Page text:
German Chancellor Angela Merkel visited the White House Friday for a somewhat puzzling meeting with President Donald Trump.
Ms. Merkel is arguably the most important leader of Europe, after, perhaps for the United States, only British Prime Minister Theresa May. Mr. Trump had every reason to get along with her, but, nonetheless, it appears from their public performances together that he couldn’t resist poking Germany and her on some sensitive topics.
One of these was the unfavorable, from the point of view of the United States, trade balance between the two countries. Germany exported some $486 billion to the United States last year; U.S. exports to Germany amounted to $114 billion. This prompts Mr. Trump to conclude that Germany is taking advantage of the United States. Ms. Merkel points out that there are many German firms in the United States, employing millions of people, and, in fact, exporting from America to overseas countries. She also noted that it was difficult to disaggregate German trade from trade with other European Union nations.
Another jab that Mr. Trump delivered to Ms. Merkel was on the fact that Germany does not spend enough on NATO defense, as is considered the goal of all 28 NATO members. He suggested that Germany and most other NATO nations “owe” money to the organization, although there is no book of debts to NATO. Members agreed in 2014 to spend at least 2 percent of GDP on defense within a decade, and Germany is among the 23 nations that have not reached that goal, although it fully acknowledges its validity.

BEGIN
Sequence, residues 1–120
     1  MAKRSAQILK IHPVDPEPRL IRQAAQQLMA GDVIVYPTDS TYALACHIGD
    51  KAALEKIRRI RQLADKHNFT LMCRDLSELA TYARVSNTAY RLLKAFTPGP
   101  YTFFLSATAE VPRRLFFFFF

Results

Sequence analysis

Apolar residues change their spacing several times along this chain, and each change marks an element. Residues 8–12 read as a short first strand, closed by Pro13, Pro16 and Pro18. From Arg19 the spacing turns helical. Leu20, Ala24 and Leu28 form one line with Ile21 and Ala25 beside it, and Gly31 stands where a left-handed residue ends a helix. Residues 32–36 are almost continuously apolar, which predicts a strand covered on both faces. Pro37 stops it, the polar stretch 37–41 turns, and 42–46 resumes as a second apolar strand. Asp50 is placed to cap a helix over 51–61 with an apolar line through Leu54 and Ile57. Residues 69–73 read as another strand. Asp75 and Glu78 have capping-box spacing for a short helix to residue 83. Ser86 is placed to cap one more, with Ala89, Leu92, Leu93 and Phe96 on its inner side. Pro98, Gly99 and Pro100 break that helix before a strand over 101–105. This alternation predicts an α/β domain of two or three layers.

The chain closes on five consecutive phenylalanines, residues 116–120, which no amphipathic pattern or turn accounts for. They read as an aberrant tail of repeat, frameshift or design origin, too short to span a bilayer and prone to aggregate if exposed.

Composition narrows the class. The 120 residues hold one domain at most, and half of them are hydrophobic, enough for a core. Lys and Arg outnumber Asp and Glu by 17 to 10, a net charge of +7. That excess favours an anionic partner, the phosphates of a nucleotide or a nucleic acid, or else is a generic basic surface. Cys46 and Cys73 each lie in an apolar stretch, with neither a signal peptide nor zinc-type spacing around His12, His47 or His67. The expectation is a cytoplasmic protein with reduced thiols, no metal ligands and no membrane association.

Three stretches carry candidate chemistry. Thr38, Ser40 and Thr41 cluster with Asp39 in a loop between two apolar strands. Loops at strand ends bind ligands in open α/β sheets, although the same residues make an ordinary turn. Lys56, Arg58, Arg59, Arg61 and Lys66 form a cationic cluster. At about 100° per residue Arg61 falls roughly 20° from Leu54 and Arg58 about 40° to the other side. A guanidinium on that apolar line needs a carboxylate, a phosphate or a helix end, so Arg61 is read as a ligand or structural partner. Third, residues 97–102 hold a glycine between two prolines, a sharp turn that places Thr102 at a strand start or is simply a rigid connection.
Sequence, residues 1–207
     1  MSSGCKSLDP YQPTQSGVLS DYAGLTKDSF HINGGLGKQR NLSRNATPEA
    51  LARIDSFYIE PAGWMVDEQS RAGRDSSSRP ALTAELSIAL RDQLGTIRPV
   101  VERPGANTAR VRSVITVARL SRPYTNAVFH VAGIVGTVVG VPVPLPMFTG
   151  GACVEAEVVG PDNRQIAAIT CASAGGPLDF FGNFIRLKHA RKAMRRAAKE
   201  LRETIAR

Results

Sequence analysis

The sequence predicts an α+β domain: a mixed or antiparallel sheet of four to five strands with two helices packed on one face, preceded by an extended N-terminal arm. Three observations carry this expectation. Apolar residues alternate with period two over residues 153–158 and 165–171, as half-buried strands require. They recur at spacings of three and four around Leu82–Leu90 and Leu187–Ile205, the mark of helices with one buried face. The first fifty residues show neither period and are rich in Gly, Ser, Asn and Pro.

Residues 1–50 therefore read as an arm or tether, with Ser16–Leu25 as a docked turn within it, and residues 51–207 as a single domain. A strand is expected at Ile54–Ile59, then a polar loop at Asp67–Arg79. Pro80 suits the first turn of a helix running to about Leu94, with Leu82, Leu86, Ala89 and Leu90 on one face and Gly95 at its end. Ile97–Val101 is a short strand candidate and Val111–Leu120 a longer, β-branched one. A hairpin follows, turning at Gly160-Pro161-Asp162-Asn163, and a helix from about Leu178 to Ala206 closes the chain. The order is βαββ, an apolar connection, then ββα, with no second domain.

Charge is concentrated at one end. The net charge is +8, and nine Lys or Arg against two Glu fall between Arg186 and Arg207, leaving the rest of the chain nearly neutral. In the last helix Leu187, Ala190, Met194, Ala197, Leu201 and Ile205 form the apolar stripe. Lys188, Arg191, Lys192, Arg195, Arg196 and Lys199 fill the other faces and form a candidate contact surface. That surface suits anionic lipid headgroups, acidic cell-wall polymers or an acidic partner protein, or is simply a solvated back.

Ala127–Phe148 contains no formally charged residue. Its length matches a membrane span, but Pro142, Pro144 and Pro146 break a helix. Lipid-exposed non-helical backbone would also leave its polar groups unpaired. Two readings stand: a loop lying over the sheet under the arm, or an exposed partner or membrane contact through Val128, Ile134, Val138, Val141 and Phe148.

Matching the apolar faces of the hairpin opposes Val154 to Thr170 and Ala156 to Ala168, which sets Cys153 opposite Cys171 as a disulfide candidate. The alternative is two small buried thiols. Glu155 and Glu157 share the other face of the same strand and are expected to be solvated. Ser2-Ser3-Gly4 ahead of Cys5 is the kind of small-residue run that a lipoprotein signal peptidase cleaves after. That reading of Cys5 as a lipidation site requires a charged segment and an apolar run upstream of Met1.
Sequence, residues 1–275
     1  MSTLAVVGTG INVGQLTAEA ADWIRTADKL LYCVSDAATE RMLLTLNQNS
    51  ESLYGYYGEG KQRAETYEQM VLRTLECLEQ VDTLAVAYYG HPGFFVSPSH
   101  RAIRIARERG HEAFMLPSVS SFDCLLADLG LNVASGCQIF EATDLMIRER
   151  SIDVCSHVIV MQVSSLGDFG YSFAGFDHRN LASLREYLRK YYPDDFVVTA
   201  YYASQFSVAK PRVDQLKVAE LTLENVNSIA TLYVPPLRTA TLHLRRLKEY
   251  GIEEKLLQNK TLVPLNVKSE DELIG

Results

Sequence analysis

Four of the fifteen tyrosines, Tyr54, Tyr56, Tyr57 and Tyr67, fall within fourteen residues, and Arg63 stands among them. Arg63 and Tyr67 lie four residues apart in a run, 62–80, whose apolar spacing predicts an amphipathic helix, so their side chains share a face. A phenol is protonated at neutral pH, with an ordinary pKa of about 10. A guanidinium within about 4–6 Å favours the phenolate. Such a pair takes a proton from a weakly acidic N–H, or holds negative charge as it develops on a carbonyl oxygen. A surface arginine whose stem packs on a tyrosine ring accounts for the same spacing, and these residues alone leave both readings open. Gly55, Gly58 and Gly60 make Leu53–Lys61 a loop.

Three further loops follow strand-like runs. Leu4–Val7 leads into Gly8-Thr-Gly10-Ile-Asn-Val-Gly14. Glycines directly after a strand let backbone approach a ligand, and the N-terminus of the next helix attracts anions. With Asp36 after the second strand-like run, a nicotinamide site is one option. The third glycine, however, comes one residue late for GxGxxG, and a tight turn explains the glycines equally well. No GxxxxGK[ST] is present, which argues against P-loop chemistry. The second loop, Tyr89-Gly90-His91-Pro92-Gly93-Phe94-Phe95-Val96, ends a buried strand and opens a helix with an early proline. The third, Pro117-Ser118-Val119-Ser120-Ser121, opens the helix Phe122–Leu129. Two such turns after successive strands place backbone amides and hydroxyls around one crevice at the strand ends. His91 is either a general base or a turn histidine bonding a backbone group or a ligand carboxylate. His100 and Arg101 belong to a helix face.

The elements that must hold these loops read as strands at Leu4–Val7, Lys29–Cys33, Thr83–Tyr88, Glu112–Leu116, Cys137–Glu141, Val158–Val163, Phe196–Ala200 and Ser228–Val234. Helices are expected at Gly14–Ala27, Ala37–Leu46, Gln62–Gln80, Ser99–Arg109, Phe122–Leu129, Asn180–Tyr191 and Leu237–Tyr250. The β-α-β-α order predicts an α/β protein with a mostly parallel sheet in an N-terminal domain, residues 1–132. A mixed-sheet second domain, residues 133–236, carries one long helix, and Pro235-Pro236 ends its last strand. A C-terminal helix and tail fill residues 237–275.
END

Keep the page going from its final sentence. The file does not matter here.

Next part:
Germany also hosts some 50,000 U.S. troops and dozens of U.S. bases on its soil.
It appears that Mr. Trump declined a handshake offer by Ms. Merkel during their joint appearance before media in the Oval Office, although it is not clear that it was a deliberate snub. Spokesman Sean Spicer said that Mr. Trump did not hear the request, and, given the gravity of issues on their plate, it’s a minor matter.
But if Mr. Trump was distancing himself from Ms. Merkel on purpose, his timing was curious. She faces elections Sept. 24, for her fourth term in office, so is already in campaign mode. Her primary rival, Social Democrat Party head Martin Schulz, was unanimously nominated by his party on Sunday in advance of the elections. He is 61, an ex-bookseller, and served as president of the European Parliament from 2012 to this year.
Mr. Schulz is, thus, pro-EU, which Mr. Trump is not. Mr. Schulz opposes further German arms purchases from the United States, which Mr. Trump undoubtedly favors. In spite of her independence, based on Germany’s own economic strength and her own political firepower, Ms. Merkel is known for having made a mighty effort to get along with both of Mr. Trump’s rather different predecessors, George W. Bush and Barack Obama. Perhaps Mr. Trump and Ms. Merkel quarreled over immigration, although the issue is different for the two nations.
So, unless Mr. Trump and Ms. Merkel had concluded that she would do better without his support, or, unless he was acting on a bet that she is going to lose in September, his attitude toward her was a bit hard to understand. So far, the polls show her winning, albeit by a fairly narrow margin. The overall U.S.-German relationship is not under any particular strain.